For anyone who has been on the ITIL Foundation course, there is one simple answer to this question, the focus of the Major Incident should be about restoring service to the business as quickly as possible, and a subsequent Problem ticket should be raised to identify the root cause and fix the issue. Unfortunately nothing is ever as simple as that.
The focus of the technical teams is almost always on understanding the issue and then focusing on fixing it rather than trying to get the business back up and running. Often there is the requirement for a bit of ‘out of the box’ thinking to get service restored, and this is something that needs to be encouraged rather than coming naturally.
Equally, senior management don’t really understand the distinction between an Incident and a Problem. If they are told that the Major Incident is being closed because the business is back up and running, although the incident is yet to be fixed, they typically become apoplectic and insist that the Major Incident continues to run, despite a problem being raised to understand root cause.
This is where having strong resources, that are dedicated to running Major Incidents and Problems, and a documented, and signed off, Major Incident and Problem Management process, becomes so important.
A lot of the confusion arises because both Major Incidents and Problems are not standard issues that are covered as part of any knowledge management. Both are exceptional events for which, often, the same people and techniques overlap.
What needs to be clear is that the focus for a Major Incident is very much immediate and customer-centric, aimed at the restoration of service. Conversely, a Problem is the investment in resources to identify the root cause of the issue, removing the error(s) and ensuring that the issue cannot recur.
There is a lot of discussion within the ITIL community whether a Major Incident should be managed as a Problem, whether a Problem should be raised in parallel, and whether every Major Incident should raise a Problem. ITIL is unclear on this subject, although it is very clear on the difference between an Incident and a Problem.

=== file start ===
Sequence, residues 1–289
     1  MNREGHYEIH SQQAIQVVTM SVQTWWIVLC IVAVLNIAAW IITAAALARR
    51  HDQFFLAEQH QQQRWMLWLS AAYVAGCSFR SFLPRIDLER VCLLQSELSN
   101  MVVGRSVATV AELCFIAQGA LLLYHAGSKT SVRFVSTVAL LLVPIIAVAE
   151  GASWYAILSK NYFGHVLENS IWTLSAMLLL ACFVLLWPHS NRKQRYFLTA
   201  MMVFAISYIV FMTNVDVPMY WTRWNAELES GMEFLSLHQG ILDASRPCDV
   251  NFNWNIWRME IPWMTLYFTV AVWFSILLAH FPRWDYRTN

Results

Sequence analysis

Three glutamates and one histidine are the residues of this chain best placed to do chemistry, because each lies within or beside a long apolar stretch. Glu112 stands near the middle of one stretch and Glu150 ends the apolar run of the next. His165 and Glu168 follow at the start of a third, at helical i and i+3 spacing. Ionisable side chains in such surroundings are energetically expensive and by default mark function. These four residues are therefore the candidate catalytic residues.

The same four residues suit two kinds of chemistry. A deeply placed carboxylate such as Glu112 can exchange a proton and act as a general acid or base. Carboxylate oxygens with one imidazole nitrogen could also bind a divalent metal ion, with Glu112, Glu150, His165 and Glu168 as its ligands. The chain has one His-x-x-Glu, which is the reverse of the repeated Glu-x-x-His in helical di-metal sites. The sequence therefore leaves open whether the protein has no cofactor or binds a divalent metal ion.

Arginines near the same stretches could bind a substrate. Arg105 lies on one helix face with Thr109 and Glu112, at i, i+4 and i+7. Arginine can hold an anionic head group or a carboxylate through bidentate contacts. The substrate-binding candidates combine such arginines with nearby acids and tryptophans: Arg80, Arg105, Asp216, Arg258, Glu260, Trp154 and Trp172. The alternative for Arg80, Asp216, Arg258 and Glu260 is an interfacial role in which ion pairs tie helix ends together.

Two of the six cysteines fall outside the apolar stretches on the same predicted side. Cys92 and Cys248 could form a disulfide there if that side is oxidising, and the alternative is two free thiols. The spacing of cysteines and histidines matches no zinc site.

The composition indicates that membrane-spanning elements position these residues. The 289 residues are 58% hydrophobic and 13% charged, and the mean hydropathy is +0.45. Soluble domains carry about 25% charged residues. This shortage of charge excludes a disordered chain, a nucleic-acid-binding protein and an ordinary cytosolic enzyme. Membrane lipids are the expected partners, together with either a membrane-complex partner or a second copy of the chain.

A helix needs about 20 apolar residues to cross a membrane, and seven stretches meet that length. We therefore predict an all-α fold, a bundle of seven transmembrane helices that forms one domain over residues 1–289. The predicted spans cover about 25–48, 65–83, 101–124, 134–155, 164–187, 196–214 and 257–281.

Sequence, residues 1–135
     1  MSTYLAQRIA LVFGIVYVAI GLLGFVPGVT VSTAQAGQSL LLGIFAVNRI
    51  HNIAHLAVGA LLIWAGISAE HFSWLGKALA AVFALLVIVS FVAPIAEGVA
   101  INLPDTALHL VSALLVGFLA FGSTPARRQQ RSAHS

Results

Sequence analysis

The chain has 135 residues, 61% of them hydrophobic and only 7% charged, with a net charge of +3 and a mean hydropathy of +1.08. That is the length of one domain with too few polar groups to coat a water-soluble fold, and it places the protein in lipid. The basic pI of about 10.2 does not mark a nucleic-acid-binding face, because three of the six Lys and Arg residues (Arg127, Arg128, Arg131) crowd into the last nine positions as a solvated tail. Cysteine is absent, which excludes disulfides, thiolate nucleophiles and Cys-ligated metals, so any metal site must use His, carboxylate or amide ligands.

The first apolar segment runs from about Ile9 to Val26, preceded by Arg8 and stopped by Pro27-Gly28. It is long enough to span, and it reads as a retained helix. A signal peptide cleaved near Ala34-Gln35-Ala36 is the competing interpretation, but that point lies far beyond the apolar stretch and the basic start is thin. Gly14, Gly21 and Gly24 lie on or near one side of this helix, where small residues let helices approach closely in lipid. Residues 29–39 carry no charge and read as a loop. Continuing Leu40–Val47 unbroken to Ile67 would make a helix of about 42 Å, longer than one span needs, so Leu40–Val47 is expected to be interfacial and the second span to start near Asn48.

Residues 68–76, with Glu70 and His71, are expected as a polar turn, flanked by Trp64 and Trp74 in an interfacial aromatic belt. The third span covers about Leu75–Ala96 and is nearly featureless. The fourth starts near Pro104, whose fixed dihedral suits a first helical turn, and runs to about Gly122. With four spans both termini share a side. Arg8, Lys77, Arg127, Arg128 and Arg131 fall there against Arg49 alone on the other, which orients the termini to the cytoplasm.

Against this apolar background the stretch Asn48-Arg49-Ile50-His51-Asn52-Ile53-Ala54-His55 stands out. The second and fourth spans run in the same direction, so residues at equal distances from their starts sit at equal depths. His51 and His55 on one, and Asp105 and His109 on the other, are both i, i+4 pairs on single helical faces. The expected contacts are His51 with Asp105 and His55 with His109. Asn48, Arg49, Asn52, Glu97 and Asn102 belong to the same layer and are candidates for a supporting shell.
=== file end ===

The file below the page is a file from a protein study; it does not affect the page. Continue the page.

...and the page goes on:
There is no correct answer to this discussion, while people have their own views, it very much depends on the size of the organisation, the tools that are used, the processes that are in place, and ultimately what works for the specific business.
My personal view is that there will have been something exceptional that will have happened to trigger the Major Incident, and this will require a Problem record to be raised. The post-Major Incident Review may identify multiple Problems, whether technical or process related, each of which will require a Problem record to be raised and tracked. Tracking them as a single Problem or, heaven forbid, on a separate tracker, can lead to all sorts of confusion and delays in resolving the actual root cause.
It is essential, that whatever your approach to Major Incidents and Problems, you keep in focus the objectives of the two and have clearly defined processes that detail how each should work for a particular organisation, along with the hand offs that are required between the two. Never forget that the ultimate objective of any Service Management team, is the provision of service to the business, and any supporting processes need to be continually reviewed to ensure that they are still relevant.
If you would like to find out more about how iCore can help you with your Incident Management process, then contact us on 0207 868 2405 or email firstname.lastname@example.org